Paul Ehrlich's Receptor Immunology

Paul Ehrlich's Receptor Immunology

Author: Arthur M. Silverstein

Publisher: Elsevier

ISBN: 9780080538518

Category: Medical

Page: 202

View: 318

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Paul Ehrlich's Receptor Immunology: The Magnificent Obsession describes the background to Paul Ehrlich's immunological works and theories and delves into the substance of his experiments in great detail. By exploring these early developments in immunology, the book lays the foundation for modern concepts, providing immunologists, biomedical researchers, and students the context for the discoveries in their field. The selectionist theory of antibody formation Kinetics of primary and secondary antibody response Quantitative methods of measurement of antigens and antibody Demonstration of passive transfer of immunity from mother to foetus

A History of Immunology

A History of Immunology

Author: Arthur M. Silverstein

Publisher: Elsevier

ISBN: 9780080925837

Category: Medical

Page: 422

View: 931

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This is a professional-level intellectual history of the development of immunology from about 1720 to about 1970. Beginning with the work and insights of the early immunologists in the 18th century, Silverstein traces the development of the major ideas which have formed immunology down to the maturation of the discipline in the decade following the Second World War. Emphasis is placed on the philosophic and sociologic climate of the scientific milieu in which immunology has developed, providing a background to the broad culture of the discipline. A professional-level intellectual history of the development of immunology from about 1720 to 1970, with emphasis placed on the social climate of the scientific milieu in which modern immunology evolved Written by an author very well known both as a historian of medical science and for his substantial research contributions to the immunopathology of the eye The only complete history of immunology available

Immunity

Immunity

Author: Luba Vikhanski

Publisher: Chicago Review Press

ISBN: 9781613731130

Category: Biography & Autobiography

Page: 336

View: 295

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Around Christmas of 1882, while peering through a microscope at starfish larvae in which he had inserted tiny thorns, Russian zoologist Elie Metchnikoff had a brilliant insight: what if the mobile cells he saw gathering around the thorns were nothing but a healing force in action? Metchnikoff's daring theory of immunity—that voracious cells he called phagocytes formed the first line of defense against invading bacteria—would eventually earn the scientist a Nobel Prize, shared with his archrival, as well as the unofficial moniker "Father of Natural Immunity." But first he had to win over skeptics, especially those who called his theory "an oriental fairy tale." Using previously inaccessible archival materials, author Luba Vikhanski chronicles Metchnikoff's remarkable life and discoveries in the first moder n biography of this hero of medicine. Metchnikoff was a towering figure in the scientific community of the early twentieth century, a tireless humanitarian who, while working at the Pasteur Institute in Paris, also strived to curb the spread of cholera, syphilis, and other deadly diseases. In his later years, he startled the world with controversial theories on longevity, launching a global craze for yogurt, and pioneered research into gut microbes and aging. Though Metchnikoff was largely forgotten for nearly a hundred years, Vikhanski documents a remarkable revival of interest in his ideas on immunity and on the gut flora in the science of the twenty-first century.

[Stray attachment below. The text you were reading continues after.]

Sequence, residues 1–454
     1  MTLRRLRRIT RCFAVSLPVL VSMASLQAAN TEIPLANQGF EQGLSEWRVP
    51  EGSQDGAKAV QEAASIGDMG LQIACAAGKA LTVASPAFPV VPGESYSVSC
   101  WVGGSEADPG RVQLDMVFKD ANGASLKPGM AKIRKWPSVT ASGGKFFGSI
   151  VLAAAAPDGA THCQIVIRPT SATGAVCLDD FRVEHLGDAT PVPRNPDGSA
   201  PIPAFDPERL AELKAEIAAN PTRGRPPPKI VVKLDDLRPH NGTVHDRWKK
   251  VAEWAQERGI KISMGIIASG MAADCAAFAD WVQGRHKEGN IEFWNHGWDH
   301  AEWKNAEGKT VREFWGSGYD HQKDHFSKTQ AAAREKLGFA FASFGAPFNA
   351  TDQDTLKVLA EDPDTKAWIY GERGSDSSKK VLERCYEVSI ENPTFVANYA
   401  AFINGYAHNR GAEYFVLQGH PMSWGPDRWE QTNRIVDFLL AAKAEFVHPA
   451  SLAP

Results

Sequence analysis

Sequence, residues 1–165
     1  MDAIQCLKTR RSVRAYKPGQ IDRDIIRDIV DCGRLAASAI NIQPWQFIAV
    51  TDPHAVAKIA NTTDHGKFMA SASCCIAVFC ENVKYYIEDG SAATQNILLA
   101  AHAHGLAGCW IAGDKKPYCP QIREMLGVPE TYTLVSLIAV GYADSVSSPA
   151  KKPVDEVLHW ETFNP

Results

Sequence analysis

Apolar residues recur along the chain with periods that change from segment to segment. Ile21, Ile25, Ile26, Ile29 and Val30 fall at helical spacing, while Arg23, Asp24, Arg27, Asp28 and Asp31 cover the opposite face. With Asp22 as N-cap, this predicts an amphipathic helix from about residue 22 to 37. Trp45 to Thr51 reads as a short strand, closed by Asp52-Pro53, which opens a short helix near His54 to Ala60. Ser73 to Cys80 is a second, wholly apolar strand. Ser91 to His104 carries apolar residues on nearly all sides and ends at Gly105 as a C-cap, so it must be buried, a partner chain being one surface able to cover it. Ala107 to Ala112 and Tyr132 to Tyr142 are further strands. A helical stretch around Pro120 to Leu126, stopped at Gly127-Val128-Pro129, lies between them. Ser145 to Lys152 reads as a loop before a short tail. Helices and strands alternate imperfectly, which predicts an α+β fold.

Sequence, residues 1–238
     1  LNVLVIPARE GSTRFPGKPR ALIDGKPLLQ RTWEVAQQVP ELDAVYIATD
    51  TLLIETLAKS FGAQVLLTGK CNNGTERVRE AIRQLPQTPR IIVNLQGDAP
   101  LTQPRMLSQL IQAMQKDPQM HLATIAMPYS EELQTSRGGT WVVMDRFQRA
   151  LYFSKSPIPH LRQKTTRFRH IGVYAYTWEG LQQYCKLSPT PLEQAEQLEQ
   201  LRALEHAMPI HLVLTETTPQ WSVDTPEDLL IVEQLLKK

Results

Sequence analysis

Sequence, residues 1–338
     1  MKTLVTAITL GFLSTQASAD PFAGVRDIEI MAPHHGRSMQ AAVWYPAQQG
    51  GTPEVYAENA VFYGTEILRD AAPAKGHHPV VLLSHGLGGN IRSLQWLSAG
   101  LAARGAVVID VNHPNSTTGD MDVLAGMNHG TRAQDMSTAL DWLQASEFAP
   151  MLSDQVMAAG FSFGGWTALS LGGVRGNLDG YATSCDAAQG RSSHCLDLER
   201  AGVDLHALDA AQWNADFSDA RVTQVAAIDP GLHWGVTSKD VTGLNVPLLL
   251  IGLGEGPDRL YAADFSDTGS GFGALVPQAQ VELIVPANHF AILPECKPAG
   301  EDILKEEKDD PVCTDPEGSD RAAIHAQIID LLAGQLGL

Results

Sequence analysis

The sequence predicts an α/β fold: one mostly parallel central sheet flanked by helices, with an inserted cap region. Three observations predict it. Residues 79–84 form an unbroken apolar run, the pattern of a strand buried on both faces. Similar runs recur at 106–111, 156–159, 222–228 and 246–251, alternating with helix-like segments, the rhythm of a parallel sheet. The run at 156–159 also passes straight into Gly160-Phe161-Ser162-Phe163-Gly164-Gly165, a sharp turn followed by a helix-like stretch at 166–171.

Emil Von Behring

Emil Von Behring

Author: Derek S. Linton

Publisher: American Philosophical Society

ISBN: 0871692554

Category: Biography & Autobiography

Page: 580

View: 113

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In 1901 Emil von Behring received the first Nobel Prize in medicine for serum therapy against diphtheria, a disease that killed thousands of infants annually. Diphtheria serum was the first major cure of the bacteriological era & its development generated novel procedures for testing, standardizing, & regulating drugs. Since the intro. of antibiotics, Behring & his work have largely been forgotten. In the first English-language scientific biography of Behring, Derek S. Linton seeks to restore Behring's reputation. He emphasizes Behring's seminal contributions to the study of infectious disease, the formation of modern immunology, & innovative research on specific remedies & vaccines against deadly microbial infections. Behring's research program is placed within the context of Imperial Germany's vibrant scientific culture. This biography explores his complex relations to the rival bacteriological schools of Robert Koch in Berlin & Louis Pasteur in Paris, the emergent German pharmaceutical industry, & the institutionalization of experimental therapeutic research. It also analyzes Behring's collaborations & controversies with leading med. researchers. The second part of the volume contains translations of 13 key articles by Behring & his associates on infectious diseases, immunology, drug testing, & therapeutics spanning 30 years of his remarkable scientific career.

Evaluating and Standardizing Therapeutic Agents, 1890-1950

Evaluating and Standardizing Therapeutic Agents, 1890-1950

Author: C. Gradmann

Publisher: Springer

ISBN: 9780230285590

Category: History

Page: 266

View: 229

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Following the testing of therapeutic sera, the quantified evaluation of a pharmaceutical's efficacy became a key feature of medicine in the twentieth century. The case studies in this volume offer comparisons across Europe, from the diphtheria antitoxin in the late 1800s to the introduction of the Salk polio vaccine in the 1950s.

Networks in Tropical Medicine

Networks in Tropical Medicine

Author: Deborah Neill

Publisher: Stanford University Press

ISBN: 9780804781053

Category: History

Page: 312

View: 727